I’m an Obliger.
According to Gretchen Rubin’s Four Tendencies framework, that means I need external accountability to get practically anything done.
In fact, it took some major external accountability to complete my own KonMari journey.
Three years ago, I was a member of the first class of trainees to begin the KonMari certification in New York. And of course, as part of the certification, I was required to complete the KonMari process in my own home first.
Most people attending the training were KonMari devotees who had completed their journey long ago and were still raving about the benefits.
Not me. I was just an overwhelmed working mom who was looking to make a career change. My house was not joyful. It was cluttered and stressful, despite all my efforts to stay on top of things.
Thank God for that external accountability. I had three months to complete my journey and send my “after” photos. I tackled each of the five categories with a vengeance (Clothing, Books, Paper, Komono - miscellaneous, and Sentimental).
I sent my husband and daughter out for long outings on Saturdays. I tackled smaller categories during naptime. I hid under my covers hoping all of the paper would magically disappear. She did promise magic, right?
After three months of HARD work, I found my magic. The house was transformed. I felt lighter, dare I say, on top of things.
It’s hard to capture ALL of the changes that occurred. If I had to summarize, I would say it came down to three big changes: Overall Feel, Clothing, and Cleaning.
I could find things. Oh, I could find things! No more running in circles, wasting precious time. (We spend an average of 55 minutes a day just looking for things!)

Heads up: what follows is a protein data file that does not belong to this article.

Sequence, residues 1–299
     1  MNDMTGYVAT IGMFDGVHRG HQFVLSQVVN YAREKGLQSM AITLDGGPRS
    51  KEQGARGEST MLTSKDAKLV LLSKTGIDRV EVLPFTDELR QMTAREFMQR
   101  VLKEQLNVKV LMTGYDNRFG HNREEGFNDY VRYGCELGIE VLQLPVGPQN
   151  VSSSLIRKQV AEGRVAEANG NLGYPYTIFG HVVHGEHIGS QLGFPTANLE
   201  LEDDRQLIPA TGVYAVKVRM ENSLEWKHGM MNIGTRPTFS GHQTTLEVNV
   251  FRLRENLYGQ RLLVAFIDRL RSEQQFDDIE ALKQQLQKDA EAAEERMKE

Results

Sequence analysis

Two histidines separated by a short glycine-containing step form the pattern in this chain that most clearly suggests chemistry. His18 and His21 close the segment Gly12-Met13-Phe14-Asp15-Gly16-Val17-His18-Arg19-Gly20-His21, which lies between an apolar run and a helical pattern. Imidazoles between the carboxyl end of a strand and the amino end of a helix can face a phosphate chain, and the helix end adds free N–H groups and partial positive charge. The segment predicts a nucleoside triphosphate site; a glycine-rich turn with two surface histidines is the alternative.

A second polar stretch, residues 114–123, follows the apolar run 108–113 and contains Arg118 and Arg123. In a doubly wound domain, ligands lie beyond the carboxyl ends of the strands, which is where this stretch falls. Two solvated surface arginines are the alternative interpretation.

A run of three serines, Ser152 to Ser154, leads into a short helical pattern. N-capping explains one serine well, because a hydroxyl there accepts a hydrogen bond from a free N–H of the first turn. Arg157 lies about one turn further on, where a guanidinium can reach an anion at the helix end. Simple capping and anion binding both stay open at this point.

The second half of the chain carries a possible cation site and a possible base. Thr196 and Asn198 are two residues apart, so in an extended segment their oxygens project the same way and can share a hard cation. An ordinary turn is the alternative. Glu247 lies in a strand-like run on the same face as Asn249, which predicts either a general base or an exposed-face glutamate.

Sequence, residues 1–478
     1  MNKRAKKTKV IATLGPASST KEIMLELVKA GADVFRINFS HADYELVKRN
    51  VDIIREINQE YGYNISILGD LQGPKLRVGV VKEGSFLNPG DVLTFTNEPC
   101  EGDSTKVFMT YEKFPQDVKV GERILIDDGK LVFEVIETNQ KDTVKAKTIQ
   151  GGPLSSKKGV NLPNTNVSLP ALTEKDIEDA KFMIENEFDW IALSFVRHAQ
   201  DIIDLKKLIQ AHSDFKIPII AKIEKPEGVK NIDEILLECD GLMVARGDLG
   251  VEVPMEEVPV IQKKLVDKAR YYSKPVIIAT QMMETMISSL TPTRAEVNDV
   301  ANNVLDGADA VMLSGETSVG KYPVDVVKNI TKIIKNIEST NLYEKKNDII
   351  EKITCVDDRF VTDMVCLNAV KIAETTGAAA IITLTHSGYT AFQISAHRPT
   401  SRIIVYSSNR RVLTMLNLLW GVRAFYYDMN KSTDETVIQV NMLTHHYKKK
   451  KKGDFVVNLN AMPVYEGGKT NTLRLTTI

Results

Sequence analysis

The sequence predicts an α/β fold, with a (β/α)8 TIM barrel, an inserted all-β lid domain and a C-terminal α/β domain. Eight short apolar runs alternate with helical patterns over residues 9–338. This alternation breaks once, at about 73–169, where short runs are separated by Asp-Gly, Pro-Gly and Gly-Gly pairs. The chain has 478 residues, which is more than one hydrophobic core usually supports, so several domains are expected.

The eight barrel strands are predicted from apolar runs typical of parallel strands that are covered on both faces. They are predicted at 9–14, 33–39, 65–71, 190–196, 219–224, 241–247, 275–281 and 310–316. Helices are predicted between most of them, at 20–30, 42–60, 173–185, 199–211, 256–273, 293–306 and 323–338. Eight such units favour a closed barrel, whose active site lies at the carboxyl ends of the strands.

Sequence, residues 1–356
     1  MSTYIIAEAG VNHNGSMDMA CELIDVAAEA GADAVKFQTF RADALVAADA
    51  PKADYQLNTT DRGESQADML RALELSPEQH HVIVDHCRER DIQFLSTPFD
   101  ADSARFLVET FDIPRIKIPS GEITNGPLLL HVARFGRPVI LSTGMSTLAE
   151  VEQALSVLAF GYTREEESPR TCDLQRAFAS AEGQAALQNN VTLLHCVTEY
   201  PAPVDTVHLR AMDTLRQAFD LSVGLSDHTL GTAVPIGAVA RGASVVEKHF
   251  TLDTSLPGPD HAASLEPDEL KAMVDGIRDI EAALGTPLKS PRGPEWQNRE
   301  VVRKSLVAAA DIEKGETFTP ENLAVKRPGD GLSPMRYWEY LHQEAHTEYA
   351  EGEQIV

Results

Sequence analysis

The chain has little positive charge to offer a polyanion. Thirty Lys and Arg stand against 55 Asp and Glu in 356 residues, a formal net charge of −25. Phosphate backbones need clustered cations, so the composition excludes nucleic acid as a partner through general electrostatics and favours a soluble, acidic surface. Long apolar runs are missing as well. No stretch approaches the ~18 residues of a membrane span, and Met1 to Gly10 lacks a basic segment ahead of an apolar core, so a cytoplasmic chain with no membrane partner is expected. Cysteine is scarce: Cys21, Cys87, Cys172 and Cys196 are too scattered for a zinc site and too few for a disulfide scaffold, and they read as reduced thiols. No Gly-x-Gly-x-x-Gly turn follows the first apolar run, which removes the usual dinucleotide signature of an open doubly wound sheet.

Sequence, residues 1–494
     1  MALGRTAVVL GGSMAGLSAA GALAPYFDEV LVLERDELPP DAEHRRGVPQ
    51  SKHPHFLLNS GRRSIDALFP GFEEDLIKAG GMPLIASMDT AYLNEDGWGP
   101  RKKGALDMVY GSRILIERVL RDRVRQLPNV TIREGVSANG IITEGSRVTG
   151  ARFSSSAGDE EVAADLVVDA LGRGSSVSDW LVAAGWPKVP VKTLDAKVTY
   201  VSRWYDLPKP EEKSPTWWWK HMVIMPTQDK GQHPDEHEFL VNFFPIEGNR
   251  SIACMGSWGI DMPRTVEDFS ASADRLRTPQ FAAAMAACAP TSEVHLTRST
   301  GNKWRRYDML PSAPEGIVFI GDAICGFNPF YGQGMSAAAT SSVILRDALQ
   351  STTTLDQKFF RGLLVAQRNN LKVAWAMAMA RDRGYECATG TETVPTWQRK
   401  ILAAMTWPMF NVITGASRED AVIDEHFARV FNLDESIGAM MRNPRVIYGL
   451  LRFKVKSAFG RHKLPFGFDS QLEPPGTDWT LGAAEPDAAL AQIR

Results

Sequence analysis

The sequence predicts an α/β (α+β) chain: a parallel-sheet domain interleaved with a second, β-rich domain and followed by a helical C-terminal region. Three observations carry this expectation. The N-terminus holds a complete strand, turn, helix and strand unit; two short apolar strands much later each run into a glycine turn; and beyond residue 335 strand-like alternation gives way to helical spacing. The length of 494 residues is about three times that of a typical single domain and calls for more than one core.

The things I loved started to “pop”. No longer buried, our favorite things suddenly had a more prominent place.
I could plop down on the couch after a long day and not look around in dismay. I could make myself a cup of tea and just relax.
We cooked more! No more old kitchen gadgets getting in the way. We had what we needed at our fingertips.
I started viewing EVERYTHING through the lens of “does it spark joy?”. Relationships, invitations, magazines, social media. EVERYTHING. I started saying no a LOT more often. (See my video on the KonMari website where I talk about JOMO - The Joy of Missing Out.)
Clothing was a huge change.
I condensed my wardrobe down to one small closet. I was able to install some simple shelves in the other closet and turn it into a multi-functional space to store so many things that never had a good home in our small townhouse - wrapping paper, the printer and printer paper, office supplies, a small filing cabinet.
I began wearing a “uniform” of sorts and started investing in fewer, more high-quality clothes. I watched The True Cost documentary on Netflix, which dramatically changed the way I thought about clothing and waste.
Most importantly, I let go of how I “should” dress and focused on how I wanted to dress. After 20 years in the corporate world, my wardrobe had started to get a little bland. Black pants. Top. Necklace. Snoooooozefesssssst. I started playing around with colors and shapes and got a little groove back.
My husband also wanted in on the action! We did his clothing, and he felt liberated letting go of years of unloved and ill-fitting clothing. And, he decided that his fire-engine-red pants sparked major joy. (Though he’s still too shy to wear them out too often.)
And finally, cleaning. Cleaning became so much faster and easier. We were now able to get most of it done in little spurts during the week so that the weekends weren’t sucked up by cleaning sprees. (I can thank Clean Mama for those tips!)
Statistics say that by reducing clutter, we can reduce the time spent on household chores by 40%. I totally experienced that.
Less clothes to wash. Less stuff to dust and vacuum around an under. Less food waste because of easier cooking. Less. Less. Less. YESSSSS.
I share my story for two reasons:
Knowing ourselves and knowing what’s required to motivate us can be a game-changer when it comes to getting stuff done. If you haven’t already, take Gretchen Rubin’s Four Tendencies quiz to find out your own tendency. It may give you that needed kick-in-the-pants to get something done (like you own KonMari journey!).
It’s about finding YOUR version of joy. Life is not Pinterest. I want people to know that it’s not all puppy dogs and rainbows. I wasn’t born organized. Even today, my house does not look like the cover of Martha Stewart magazine. But it works for us. It’s OUR version of joy. And I want other people to find THEIR version of joy.
What would YOUR version of joy feel like?